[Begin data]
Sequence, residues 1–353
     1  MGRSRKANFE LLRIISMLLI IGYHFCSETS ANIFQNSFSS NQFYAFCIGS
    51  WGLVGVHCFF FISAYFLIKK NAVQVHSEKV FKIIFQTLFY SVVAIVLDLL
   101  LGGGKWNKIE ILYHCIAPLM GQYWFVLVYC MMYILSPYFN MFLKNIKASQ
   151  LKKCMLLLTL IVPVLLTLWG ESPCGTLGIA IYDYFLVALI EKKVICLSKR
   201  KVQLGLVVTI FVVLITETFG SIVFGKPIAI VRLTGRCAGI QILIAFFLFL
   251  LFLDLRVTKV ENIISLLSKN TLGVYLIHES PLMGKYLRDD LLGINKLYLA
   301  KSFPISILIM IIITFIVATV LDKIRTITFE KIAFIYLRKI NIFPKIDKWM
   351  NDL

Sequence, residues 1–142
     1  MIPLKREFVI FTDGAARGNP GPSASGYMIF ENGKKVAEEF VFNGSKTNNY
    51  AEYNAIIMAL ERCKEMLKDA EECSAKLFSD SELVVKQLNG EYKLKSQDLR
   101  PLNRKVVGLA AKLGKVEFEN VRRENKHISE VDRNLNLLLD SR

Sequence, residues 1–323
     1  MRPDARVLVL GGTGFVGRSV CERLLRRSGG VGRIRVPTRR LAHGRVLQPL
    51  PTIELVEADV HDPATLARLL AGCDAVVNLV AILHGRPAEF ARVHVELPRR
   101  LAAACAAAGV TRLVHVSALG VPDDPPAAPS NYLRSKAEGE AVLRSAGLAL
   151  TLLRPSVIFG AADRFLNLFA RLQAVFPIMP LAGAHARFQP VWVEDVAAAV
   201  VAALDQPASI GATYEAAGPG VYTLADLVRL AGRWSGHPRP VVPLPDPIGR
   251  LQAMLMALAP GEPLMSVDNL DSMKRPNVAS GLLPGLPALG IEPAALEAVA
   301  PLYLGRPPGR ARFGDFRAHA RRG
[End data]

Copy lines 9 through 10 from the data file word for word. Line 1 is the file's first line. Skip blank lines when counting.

   351  NDL

Sequence, residues 1–142